Nicholas IV of Constantinople
Nicholas was born in ca. 1070, and probably began his career teaching the gospels. Emperor Alexios I Komnenos (r. 1081–1118) appointed him as archbishop of Cyprus, but Nicholas abdicated the see in ca. 1110. He spent the next 37 years in the Monastery of Saints Cosmas and Damian in the Kosmidion suburb of Constantinople (modern Eyüp).
He was elected to the patriarchal throne in 1147, replacing Cosmas II, who was accused of Bogomilism. His election however caused considerable controversy: its canonical validity was called in question, since he had voluntarily resigned from his previous see. Eventually, Nicholas was forced to resign as patriarch, and died in 1152.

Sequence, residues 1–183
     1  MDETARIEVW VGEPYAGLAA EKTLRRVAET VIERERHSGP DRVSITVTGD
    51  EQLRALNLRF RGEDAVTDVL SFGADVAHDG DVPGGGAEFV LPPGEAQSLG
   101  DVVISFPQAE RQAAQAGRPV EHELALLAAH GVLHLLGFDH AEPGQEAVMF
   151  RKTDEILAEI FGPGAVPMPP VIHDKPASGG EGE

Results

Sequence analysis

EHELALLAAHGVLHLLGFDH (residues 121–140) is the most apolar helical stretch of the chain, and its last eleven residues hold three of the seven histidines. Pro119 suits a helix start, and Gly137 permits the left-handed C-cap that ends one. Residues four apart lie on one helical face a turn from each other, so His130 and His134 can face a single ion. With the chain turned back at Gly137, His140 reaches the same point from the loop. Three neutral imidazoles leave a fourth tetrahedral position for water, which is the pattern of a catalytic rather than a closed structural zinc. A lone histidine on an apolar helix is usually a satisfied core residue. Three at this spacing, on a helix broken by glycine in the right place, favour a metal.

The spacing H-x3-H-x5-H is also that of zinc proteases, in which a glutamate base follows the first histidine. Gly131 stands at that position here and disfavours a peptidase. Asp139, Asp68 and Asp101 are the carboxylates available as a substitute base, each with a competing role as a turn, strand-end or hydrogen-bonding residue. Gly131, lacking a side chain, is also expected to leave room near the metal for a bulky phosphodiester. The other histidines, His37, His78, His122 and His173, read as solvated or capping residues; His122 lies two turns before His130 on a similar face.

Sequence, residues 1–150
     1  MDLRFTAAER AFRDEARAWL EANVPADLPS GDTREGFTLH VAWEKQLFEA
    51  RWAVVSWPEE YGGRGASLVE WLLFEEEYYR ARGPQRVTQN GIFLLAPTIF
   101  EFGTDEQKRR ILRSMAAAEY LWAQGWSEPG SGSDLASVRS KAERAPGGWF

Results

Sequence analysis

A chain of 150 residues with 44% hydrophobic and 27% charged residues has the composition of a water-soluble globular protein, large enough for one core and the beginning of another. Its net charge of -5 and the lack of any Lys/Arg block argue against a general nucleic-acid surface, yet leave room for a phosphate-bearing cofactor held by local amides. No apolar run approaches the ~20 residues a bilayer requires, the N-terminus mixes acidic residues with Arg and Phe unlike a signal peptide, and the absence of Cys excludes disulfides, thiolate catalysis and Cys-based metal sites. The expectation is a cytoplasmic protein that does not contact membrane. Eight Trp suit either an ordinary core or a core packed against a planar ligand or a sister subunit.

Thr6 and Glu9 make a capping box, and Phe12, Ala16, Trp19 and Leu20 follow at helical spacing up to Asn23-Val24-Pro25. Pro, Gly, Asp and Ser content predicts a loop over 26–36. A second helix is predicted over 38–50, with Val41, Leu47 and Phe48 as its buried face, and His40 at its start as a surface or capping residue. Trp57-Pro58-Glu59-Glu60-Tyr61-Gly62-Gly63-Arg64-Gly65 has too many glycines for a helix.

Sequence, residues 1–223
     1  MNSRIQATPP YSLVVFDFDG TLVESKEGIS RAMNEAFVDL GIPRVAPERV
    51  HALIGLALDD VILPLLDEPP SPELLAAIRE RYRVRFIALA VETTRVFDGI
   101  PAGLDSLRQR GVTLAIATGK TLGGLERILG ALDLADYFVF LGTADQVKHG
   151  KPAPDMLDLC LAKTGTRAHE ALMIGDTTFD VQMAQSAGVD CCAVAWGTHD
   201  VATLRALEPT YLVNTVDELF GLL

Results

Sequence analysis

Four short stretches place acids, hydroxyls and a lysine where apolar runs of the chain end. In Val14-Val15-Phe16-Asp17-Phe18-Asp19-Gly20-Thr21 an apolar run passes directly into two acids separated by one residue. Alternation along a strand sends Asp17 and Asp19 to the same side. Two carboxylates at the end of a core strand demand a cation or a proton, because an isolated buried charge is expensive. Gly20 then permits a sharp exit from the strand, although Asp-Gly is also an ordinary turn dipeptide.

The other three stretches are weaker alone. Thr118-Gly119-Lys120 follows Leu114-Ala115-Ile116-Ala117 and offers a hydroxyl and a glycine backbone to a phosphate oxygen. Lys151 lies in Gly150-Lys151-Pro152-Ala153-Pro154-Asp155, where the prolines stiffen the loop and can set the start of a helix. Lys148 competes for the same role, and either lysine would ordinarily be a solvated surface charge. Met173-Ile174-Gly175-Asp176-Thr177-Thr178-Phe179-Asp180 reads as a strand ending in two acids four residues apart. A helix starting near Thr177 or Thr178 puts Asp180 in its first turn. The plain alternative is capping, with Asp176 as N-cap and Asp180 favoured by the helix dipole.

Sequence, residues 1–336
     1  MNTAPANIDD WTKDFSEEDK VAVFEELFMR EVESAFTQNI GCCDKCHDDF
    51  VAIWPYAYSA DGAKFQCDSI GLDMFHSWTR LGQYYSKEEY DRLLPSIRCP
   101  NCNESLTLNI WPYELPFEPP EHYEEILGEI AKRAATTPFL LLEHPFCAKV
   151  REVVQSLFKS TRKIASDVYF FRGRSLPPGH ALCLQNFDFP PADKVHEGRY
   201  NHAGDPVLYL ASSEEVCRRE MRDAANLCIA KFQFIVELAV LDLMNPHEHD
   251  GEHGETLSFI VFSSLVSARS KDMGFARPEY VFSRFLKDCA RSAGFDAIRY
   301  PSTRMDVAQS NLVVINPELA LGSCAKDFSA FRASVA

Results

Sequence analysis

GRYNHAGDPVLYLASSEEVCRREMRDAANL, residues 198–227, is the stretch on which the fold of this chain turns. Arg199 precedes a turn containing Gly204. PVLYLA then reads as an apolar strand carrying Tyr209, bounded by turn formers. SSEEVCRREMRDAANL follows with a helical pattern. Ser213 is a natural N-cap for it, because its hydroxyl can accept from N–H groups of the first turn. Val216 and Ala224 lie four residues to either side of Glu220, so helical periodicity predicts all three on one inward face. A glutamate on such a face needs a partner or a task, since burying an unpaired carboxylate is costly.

He wrote a number of theological works, amongst them a treatise refuting the Filioque addressed to Alexios I, and a vivid poetic defence of his first abdication.
- Kazhdan, Alexander, ed. (1991), Oxford Dictionary of Byzantium, Oxford University Press, pp. 1467–1468, ISBN 978-0-19-504652-6
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|Patriarch of Constantinople
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